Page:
Just last week, the UK Advertising Standards Authority (ASA) UK sought to clarify the blurred lines surrounding advertorial features in blog posts.
The memo warned that blog publishers could be found to be breaking the law if they receive payment in return for positive reviews or comments about a product or service, and do not disclose this agreement on site.
The ASA says, “The advertising rules, which apply across media including online, are very clear. Ads must be clearly identifiable as such. Put simply, a blogger who is given money to promote a product or service has to ensure readers are aware they’re being advertised to.”
The ASA does offer advice on how a blogger can clarify they are posting paid-for content, “How can bloggers make it clear if their blog contains paid for content? Signposting it as “ad” “advertorial” or “sponsored content” is a simple hassle free way to make it immediately clear to readers. We also encourage bloggers or advertisers who want free, expert guidance on the rules in this area and how to stick to them to contact the Copy Advice Team.”
But what does this all mean for performance marketing? Bright Digital Minds spoke to the ASA seeking to clarify whether affiliate links and posts fell under the category of paid content. In no uncertain terms, we were told that any affiliate links do need to be declared as a sponsored post.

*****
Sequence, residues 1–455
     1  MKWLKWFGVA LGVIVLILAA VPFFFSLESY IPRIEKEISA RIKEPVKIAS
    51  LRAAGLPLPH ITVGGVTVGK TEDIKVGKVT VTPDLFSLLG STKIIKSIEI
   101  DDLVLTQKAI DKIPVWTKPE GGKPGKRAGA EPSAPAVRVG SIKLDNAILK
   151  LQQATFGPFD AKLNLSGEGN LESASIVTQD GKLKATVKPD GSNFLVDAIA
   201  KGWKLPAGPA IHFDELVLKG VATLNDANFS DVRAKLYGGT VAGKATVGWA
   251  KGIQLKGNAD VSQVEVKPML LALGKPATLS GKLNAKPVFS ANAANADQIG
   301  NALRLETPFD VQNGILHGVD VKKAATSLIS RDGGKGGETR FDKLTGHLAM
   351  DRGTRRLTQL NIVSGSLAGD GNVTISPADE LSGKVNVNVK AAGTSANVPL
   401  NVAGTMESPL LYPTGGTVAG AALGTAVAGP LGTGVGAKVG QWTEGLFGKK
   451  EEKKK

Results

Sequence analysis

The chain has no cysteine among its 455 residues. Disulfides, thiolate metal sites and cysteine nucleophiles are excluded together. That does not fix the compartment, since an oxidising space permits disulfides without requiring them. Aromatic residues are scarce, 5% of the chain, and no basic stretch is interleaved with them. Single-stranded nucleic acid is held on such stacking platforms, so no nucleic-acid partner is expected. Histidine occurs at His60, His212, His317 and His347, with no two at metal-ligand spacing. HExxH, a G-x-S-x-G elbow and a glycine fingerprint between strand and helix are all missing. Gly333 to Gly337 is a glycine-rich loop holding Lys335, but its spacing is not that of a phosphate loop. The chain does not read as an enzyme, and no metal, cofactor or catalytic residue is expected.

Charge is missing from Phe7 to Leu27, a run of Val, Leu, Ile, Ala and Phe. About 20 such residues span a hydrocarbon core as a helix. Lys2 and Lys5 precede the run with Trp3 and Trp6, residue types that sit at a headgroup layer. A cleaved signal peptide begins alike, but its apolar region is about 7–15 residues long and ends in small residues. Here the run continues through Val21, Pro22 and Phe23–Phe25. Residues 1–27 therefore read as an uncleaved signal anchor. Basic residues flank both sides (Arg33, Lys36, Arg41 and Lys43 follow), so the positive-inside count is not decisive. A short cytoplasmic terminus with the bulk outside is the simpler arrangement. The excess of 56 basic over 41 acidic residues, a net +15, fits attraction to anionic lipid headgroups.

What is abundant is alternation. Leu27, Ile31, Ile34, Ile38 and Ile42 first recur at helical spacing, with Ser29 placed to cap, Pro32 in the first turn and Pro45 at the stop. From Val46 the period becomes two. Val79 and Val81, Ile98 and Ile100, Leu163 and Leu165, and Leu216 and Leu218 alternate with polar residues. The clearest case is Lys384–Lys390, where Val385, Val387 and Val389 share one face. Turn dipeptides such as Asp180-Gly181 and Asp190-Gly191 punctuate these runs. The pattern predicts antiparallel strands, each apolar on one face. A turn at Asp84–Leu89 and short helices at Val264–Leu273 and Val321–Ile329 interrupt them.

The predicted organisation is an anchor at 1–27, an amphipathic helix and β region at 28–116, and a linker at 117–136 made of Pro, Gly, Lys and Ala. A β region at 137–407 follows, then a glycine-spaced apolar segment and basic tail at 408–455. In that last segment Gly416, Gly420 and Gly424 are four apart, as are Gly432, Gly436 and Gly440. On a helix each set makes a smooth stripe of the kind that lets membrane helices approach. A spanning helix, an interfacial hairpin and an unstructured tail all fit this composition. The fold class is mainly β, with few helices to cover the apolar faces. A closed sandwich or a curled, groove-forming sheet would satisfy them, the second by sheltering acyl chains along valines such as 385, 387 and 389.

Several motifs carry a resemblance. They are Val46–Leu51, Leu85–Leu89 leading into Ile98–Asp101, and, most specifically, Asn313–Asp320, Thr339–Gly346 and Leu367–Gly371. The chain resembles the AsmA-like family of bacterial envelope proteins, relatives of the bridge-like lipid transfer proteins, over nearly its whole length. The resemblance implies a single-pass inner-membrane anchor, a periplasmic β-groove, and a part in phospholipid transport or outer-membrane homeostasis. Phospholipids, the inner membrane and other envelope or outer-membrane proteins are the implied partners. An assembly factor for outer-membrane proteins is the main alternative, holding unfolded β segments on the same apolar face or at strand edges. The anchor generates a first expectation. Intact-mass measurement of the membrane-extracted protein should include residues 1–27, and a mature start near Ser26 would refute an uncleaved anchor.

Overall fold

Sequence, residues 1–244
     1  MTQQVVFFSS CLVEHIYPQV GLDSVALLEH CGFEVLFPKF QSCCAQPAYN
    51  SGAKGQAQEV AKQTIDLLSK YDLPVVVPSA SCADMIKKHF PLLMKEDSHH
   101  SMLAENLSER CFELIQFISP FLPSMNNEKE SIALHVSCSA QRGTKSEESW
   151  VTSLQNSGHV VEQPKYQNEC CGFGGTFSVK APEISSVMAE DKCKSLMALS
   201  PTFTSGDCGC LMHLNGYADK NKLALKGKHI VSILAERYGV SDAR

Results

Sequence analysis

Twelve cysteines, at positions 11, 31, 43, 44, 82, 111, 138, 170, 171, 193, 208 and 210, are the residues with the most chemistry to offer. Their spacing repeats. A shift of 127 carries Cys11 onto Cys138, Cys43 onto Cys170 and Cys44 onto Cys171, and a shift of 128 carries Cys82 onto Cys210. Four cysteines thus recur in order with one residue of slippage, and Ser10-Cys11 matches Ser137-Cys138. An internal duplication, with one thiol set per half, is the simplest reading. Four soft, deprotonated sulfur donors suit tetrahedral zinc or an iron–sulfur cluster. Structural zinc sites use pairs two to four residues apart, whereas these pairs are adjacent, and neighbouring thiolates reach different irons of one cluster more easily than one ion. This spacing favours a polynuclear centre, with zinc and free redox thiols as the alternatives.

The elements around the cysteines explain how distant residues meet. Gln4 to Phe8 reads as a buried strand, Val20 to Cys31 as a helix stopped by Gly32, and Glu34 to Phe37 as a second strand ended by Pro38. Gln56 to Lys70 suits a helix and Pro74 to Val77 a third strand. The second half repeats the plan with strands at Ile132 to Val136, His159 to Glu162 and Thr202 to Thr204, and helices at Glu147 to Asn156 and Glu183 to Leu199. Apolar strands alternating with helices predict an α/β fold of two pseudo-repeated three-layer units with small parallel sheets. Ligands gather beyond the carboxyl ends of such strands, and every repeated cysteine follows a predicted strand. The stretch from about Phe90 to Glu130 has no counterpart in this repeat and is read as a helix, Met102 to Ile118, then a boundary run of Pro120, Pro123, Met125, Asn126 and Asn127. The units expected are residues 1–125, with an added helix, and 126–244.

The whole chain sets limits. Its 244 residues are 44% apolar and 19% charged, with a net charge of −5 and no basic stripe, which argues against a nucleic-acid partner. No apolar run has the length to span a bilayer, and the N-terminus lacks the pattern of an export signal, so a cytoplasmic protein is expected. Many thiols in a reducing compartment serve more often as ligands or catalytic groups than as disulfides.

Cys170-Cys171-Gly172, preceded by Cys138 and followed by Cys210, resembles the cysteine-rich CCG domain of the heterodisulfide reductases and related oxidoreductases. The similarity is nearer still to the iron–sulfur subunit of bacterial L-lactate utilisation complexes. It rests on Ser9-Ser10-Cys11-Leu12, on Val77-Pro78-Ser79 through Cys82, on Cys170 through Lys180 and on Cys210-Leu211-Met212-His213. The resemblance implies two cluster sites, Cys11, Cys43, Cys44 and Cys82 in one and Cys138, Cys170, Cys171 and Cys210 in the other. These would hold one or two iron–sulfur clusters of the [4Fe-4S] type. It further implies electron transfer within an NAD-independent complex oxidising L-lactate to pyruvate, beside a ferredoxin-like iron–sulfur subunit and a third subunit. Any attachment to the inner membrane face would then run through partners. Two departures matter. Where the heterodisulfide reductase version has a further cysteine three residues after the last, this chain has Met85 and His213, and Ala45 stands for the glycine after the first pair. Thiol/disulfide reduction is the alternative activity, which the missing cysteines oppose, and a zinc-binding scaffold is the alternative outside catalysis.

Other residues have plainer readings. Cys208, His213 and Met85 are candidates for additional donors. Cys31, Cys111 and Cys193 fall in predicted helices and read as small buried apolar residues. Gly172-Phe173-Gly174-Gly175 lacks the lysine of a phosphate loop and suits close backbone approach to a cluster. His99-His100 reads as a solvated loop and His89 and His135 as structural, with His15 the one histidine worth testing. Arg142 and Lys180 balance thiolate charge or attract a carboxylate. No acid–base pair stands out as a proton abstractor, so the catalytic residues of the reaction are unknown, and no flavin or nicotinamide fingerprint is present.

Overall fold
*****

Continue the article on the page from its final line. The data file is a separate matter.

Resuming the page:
And if the rules are found to be breached, who will be held ultimately responsible? It seems like the buck will stop with the merchants and agencies making the arrangements with the bloggers, “Under the Advertising Code, although the blogger would be named as part of any ASA investigation into misleading advertising, ultimately the buck would stop with the advertiser. If a paid for entry on a blog wasn’t disclosed we would investigate the advertiser and hold them accountable.”
Whilst the guidance and clarification from the ASA is welcome, the implications may not be; many bloggers maintain great integrity in their sites and posts, and carefully choose the programmes they are affiliated to – they are not guaranteed to bring in any revenue from their posts, so can they really be classed as paid advertising?